Biogeochemical Approach to Understanding Gas Hydrate Formation and Decomposition in the Gulf of MexicoEPA Grant Number: U916134
Title: Biogeochemical Approach to Understanding Gas Hydrate Formation and Decomposition in the Gulf of Mexico
Investigators: Lapham, Laura L.
Institution: University of North Carolina at Chapel Hill
EPA Project Officer: Cobbs-Green, Gladys M.
Project Period: January 1, 2003 through January 1, 2006
Project Amount: $149,268
RFA: STAR Graduate Fellowships (2003) Recipients Lists
Research Category: Fellowship - Oceanography , Academic Fellowships , Aquatic Ecosystems
The objective of the research project is to determine whether gas hydrates are forming or dissociating at several hydrate-containing sites and which geochemical processes affect them. Gas hydrates are icelike solids that form in the presence of saturated methane concentrations under high pressures and low temperatures that are found in continental shelf sediments and permafrost. They are composed of rigid cages of water that enclose molecules of low molecular weight hydrocarbons, principally methane, along with carbon dioxide or hydrogen sulfide. The methane gas is produced by anaerobic bacteria or by the thermal breakdown of organic matter in deeply buried sediments. The global hydrate reservoir may contain around 1016 kg of methane carbon, about twice the amount of carbon stored in fossil fuels (Kvenvolden, 1988). If this estimate is correct, hydrates could represent the largest source of hydrocarbons on Earth and an important potential energy resource. It is, therefore, important to understand the actual processes controlling gas hydrate formation and dissociation under current sea floor conditions.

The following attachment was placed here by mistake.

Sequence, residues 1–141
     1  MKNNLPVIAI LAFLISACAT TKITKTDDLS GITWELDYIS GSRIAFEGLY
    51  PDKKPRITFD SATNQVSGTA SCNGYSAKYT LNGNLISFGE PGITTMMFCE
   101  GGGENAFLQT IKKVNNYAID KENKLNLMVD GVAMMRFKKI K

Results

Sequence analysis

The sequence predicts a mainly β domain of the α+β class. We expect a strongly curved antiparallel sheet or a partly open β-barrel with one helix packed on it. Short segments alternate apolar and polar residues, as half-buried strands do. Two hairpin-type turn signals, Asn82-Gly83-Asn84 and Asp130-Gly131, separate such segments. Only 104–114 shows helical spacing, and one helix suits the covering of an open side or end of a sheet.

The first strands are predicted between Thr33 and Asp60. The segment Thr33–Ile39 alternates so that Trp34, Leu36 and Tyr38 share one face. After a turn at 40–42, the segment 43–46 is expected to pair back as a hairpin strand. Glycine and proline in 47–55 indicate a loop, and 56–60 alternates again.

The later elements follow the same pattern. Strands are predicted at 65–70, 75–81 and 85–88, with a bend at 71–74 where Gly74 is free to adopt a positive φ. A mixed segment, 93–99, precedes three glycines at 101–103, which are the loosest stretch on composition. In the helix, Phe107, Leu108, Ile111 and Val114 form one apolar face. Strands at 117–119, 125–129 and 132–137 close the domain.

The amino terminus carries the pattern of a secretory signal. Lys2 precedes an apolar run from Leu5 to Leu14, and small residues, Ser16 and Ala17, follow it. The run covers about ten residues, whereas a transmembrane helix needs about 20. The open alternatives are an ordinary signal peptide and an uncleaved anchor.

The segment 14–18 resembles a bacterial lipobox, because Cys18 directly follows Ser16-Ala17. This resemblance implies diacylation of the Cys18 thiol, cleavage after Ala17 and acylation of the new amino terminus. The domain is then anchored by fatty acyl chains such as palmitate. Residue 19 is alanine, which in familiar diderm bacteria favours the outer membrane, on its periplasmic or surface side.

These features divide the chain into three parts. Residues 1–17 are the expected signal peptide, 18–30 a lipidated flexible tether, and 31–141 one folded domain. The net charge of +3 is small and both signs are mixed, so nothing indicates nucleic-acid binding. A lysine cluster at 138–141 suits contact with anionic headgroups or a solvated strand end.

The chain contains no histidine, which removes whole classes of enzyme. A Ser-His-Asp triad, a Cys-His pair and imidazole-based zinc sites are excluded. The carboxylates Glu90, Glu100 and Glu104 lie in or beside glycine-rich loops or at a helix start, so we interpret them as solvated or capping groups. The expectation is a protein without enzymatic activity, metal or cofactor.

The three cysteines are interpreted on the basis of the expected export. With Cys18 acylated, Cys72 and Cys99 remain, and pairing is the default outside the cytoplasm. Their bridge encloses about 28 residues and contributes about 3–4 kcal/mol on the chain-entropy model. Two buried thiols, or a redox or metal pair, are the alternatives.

The first approach is to determine the gross dissolution rate of the hydrates. This will be completed by measuring the net gas flux out of hydrate-associated sediments and by measuring the biogeochemical processes such as sulfate reduction and methane oxidation occurring in the sediments. The second approach will be to determine directly the local formation or decomposition of the hydrates by measuring the in situ concentrations of major ions dissolved in porewaters near hydrates. By combining these two approaches, the formation and decomposition of hydrates can be fully understood. Quantification of net gas flux out of the surrounding sediments and consumption reactions via biogeochemical processes occurring in the sediments can provide key information about hydrate formation and decomposition. Previous studies at these sites demonstrate that the net flux of methane from dissociating hydrates is directly controlled by oxidative losses to anaerobic bacteria and chemosynthetic communities in surrounding sediments. Despite evidence that surrounding communities play key roles in oxidizing methane, investigations into the rates and mechanisms of the biogeochemical processes, such as sulfate reduction and methane oxidation, are sparse. Knowledge of these rates and how they influence local methane concentrations in the sediments is crucial to understanding formation and decomposition of the hydrates.